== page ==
10. Alec_t

    AAC Fanatic!

    Sep 17, 2013
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    Using Q1 to disconnect the PIR pin 3 from ground must allow some current to flow via pin 2 to Q2 base regardless of the PIR being triggered. A better approach might be to ground pin 3 permanently and rely on selectively switching the output from pin 2 using the LDR. Like this:
    PIR-switched-LED.gif
     
  11. HappyHippo

    Thread Starter New Member

    Aug 19, 2013
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    wouldn't the PIR sensor be ON all the time then? I only wanted it to be on when it was dark.
     
  12. Alec_t

    AAC Fanatic!

    Sep 17, 2013
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    If you want to actively switch the PIR (presumably to save power?), some hysteresis needs to be introduced so that the PIR is definitely on or off, not in some intermediate state as Sensacell pointed out. This will involve a few circuit additions. You might also want to have some adjustment so that the light/dark switching threshold can be selected.
     
  13. HappyHippo

    Thread Starter New Member

    Aug 19, 2013
    11
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    I found that if I rearrange the circuit like attached. It works as I wanted, except the input voltage to the PIR (pin 1 to pin 3) drops to about 2.4V when motion is detected. When no motion is detected, that measurement is 4.95V. Then, when motion is detected, the LED is very dim Maybe there is not enough current coming into the PIR?
    motion-sensor-gnd-mod.png
     
  14. jjw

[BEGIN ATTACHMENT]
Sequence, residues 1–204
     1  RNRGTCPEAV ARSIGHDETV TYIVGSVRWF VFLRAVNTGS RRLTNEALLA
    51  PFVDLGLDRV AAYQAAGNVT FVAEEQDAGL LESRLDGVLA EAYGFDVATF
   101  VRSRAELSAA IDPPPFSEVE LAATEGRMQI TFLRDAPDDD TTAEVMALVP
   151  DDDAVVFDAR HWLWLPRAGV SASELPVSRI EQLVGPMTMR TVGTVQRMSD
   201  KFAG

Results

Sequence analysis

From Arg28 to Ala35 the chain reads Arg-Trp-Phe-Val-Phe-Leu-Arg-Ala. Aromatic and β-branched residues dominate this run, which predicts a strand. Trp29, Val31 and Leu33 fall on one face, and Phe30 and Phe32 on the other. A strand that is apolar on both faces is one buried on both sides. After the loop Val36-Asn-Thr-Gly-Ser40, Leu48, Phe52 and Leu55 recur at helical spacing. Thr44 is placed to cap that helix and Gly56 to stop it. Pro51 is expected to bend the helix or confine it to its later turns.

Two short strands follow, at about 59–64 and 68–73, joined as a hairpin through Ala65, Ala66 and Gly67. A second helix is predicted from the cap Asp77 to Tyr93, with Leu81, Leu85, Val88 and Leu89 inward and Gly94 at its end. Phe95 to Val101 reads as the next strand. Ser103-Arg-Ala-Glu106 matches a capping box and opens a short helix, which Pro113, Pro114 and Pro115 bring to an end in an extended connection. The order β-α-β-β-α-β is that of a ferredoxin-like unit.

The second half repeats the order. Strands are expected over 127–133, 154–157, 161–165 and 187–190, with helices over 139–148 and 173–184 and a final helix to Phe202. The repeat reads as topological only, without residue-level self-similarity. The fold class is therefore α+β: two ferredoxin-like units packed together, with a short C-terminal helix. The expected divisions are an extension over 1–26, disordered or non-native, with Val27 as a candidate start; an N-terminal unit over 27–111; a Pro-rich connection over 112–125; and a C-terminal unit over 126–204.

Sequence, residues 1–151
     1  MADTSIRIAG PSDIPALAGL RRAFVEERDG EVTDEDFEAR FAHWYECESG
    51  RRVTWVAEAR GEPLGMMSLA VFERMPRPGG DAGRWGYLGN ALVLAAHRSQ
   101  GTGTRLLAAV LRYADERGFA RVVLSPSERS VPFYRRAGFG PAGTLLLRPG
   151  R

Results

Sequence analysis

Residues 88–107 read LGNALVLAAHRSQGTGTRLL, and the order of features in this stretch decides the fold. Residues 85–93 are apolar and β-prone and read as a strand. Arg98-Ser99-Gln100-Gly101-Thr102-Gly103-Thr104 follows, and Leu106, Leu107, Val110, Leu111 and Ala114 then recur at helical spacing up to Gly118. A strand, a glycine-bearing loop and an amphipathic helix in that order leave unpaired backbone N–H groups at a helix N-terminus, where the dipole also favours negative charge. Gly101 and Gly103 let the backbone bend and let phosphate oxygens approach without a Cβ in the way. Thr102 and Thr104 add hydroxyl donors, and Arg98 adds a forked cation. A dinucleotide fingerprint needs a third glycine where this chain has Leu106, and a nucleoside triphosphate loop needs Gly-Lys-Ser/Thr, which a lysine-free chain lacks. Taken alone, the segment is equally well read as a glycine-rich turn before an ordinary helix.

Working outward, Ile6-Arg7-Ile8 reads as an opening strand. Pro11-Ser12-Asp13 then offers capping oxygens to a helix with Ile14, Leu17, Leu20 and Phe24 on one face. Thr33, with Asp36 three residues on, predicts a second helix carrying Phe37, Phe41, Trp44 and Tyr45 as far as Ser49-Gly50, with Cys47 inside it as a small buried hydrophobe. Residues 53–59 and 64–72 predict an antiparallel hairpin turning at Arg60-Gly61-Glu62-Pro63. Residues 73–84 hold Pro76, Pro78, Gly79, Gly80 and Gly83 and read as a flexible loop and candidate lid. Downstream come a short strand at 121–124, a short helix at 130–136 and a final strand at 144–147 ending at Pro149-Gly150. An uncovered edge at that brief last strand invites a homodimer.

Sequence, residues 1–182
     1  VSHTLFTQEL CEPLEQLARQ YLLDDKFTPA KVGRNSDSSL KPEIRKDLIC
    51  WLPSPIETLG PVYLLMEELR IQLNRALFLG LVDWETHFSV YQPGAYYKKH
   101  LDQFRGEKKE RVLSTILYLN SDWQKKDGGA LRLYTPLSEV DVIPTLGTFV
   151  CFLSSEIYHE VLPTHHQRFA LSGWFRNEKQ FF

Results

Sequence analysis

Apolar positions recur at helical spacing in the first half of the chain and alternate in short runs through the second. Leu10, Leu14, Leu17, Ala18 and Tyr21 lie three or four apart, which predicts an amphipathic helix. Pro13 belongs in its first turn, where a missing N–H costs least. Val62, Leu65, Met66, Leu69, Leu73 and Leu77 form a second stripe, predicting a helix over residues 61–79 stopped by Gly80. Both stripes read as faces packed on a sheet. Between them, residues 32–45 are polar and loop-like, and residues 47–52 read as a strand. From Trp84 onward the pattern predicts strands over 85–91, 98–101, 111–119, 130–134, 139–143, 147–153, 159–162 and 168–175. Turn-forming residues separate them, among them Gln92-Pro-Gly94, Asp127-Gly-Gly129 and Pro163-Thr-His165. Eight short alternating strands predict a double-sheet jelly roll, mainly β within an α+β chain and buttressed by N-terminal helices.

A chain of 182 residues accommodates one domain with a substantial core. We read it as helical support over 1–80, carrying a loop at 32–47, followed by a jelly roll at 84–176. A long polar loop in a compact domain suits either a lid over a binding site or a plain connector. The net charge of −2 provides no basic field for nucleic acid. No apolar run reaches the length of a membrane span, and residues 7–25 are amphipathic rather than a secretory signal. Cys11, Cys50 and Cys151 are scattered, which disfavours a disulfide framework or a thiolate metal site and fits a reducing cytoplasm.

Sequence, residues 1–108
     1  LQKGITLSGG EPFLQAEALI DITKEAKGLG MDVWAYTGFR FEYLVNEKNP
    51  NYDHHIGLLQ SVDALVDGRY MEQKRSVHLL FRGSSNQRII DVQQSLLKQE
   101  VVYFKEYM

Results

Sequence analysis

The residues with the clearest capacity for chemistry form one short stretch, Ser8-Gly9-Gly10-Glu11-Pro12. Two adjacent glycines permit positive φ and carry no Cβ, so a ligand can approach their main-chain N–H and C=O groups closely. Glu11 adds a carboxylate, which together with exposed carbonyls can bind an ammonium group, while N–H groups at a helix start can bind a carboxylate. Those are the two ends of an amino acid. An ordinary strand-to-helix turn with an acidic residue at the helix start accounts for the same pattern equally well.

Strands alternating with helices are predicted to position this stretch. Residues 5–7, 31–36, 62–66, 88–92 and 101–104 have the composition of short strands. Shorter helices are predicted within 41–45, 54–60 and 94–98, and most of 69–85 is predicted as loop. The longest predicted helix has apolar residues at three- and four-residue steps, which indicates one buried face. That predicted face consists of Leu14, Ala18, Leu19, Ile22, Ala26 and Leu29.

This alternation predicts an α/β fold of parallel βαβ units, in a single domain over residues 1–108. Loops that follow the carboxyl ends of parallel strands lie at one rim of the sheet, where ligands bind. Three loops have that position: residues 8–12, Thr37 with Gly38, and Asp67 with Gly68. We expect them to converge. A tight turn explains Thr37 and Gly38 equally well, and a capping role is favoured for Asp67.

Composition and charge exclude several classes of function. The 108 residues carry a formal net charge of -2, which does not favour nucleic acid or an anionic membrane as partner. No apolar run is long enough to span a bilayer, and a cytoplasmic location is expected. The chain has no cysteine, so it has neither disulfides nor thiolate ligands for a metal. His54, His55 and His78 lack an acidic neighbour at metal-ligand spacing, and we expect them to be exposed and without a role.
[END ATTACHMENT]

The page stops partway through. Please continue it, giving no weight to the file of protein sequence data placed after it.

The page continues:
Member

    Dec 24, 2013
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    The base resistor R1 is too big.
    The PIR gets about 0.2 -0.4mA current.
    But if you lower the base resistor you have again the problem with PIR working in the light.
     
  15. HappyHippo

    Thread Starter New Member

    Aug 19, 2013
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    I had to use that large of resistor because of what you say, I only wanted the circuit to work when it was very dark. What if I amplify the current with another transistor after Q1?
     
  16. HappyHippo

    Thread Starter New Member

    Aug 19, 2013
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    1
    I replace the 2pN2222 transistor for Q1 with a BC547C one. The input voltage is more stable now, only drops 0.1 volts when motion is detected. I still have to boost the current to the LED, since it's very dim. Any ideas?
     
  17. HappyHippo

    Thread Starter New Member

    Aug 19, 2013
    11
    1
    OK. I replaced Q2 with a MOSFET and still the LED was very dim. So then I replaced the LED and there was light. So I took out the MOSFET and replace Q2 with a BC547C as well. I lowered the LED resistor to 220 ohms. I looks like it works now. Nothing happens when it is light. Voltage to PIR comes on when it is dark. Output to PIR activates when motion is detected and LED lights up. So the circuit is shown below. I knew I could do this with an Arduino but I wanted to try it with no microcomputer. By the way, I wanted to measure the voltage consumption and accidentally hooked up my DMM wrong. I blew the fuse on the 400mA port. It costs $15 to replace the 400mA fuse, if you can believe that.

    Thanks everyone for your comments. If you see anything wrong with this circuit, let me know as well. I'm a ChE, not an EE, so my electronics knowledge needs improvement (which is why I'm doing these little projects).



    motion-sensor-gnd-mod2.png
     
    Raju Reiki G M likes this.